Features | Politics | Southeast Asia

A New Era for Thailand?

The landslide victory by Yingluck Shinawatra’s Pheu Thai Party promises to usher in a period of reconciliation. But the country is still deeply divided.

Luke Hunt

Thailand began a new era Monday, with the tantalizing prospect of an end to the violent strife that has wracked the country for more than five years, following Yingluck Shinawatra’s overwhelming victory in Sunday’s general election.

Her win was an embarrassing defeat for Thailand’s urban elite and military, widely blamed for last year’s crackdown on pro-democracy protests that left 92 people dead, and a resounding vote of no confidence in Prime Minister Abhisit Vejjajiva and his Democrat Party over their handling of the economy.

Importantly, though, it was also a win for Yingluck’s older brother Thaksin Shinawatra, ousted from power by the military, and sentenced in absentia to two years imprisonment for corruption. Thaksin is widely expected to receive an amnesty, paving the way home from a life in exile in Dubai.

‘This is a slap in the face to the establishment for what they’ve done since the military coup in 2006,’ says Thitinan Pongsudhirak, a political scientist with Chulalongkorn University. ‘This is a new Thailand that they must learn to deal with.’

Yingluck’s Pheu Thai Party (PTP) secured 262 seats in the 500-seat Parliament. This will be further boosted to 297 seats with Yingluck’s decision to enter a coalition with three minor parties – Chart Thai Pattana with 19 seats, Chart Pattana Puea Paendin with nine, and Palangchon with seven.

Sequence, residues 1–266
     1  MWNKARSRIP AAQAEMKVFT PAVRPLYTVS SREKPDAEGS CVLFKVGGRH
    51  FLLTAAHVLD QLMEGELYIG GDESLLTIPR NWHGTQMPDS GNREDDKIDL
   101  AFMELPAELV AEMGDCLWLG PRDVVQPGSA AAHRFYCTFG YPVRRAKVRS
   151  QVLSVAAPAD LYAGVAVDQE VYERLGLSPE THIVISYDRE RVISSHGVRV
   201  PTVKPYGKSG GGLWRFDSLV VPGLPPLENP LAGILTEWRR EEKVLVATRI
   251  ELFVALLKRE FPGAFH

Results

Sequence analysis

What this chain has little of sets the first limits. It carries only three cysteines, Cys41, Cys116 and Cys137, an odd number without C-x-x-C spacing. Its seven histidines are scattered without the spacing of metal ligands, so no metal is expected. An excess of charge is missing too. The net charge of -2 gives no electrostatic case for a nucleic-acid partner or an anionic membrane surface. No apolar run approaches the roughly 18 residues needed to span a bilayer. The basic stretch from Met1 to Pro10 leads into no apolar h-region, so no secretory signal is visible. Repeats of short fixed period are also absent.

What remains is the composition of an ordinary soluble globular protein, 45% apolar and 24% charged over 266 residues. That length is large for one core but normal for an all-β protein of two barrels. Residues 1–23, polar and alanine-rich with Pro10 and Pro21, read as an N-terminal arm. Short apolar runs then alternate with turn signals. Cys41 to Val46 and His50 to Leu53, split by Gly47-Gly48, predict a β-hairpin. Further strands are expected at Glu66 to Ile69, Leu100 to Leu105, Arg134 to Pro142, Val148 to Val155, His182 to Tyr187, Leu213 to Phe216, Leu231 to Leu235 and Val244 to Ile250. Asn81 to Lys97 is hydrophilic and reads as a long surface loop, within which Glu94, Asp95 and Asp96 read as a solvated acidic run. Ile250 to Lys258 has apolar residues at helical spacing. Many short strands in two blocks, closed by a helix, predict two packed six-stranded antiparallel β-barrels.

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The Democrats won 160 seats, while their allies Bhum Jai Thai held 24 seats at the final count.

There were some allegations of vote rigging, an issue that dogs most Thai elections. But Yingluck’s clearly overwhelming mandate rendered such claims meaningless, and will limit any attempted bullying by the military of minor parties – or interference by the electoral commission.

‘The scale of her victory creates a lot of optimism that the forces that have traditionally created instability will have nowhere to go,’ says Keith Loveard, a Jakarta-based regional security analyst with Concord Consulting. ‘Nevertheless, being elected is one thing and governing to satisfy all elements of society is another. It remains to be seen whether Yingluck can succeed in bridging the gap between the urban elites and the majority of the population.’

Abhisit conceded defeat and wished Yingluck the best, while the military has said it will accept the result. Pre-election media reports suggested that preliminary negotiations were already under way for Thaksin's return if he agrees not to become directly involved with the running of government.

The amnesty would also be broadened to include elements of the military involved with last year’s crackdown, and ensure that pro-establishment military chief Prauth Chan-ocha would remain in his position until retirement, due in three years’ time. This could allow reconciliation between Thaksin's Red Shirts, who have been in direct confrontation with the Yellow Shirts of the pro-establishment and self-anointed defenders of the monarchy for much of the last five years.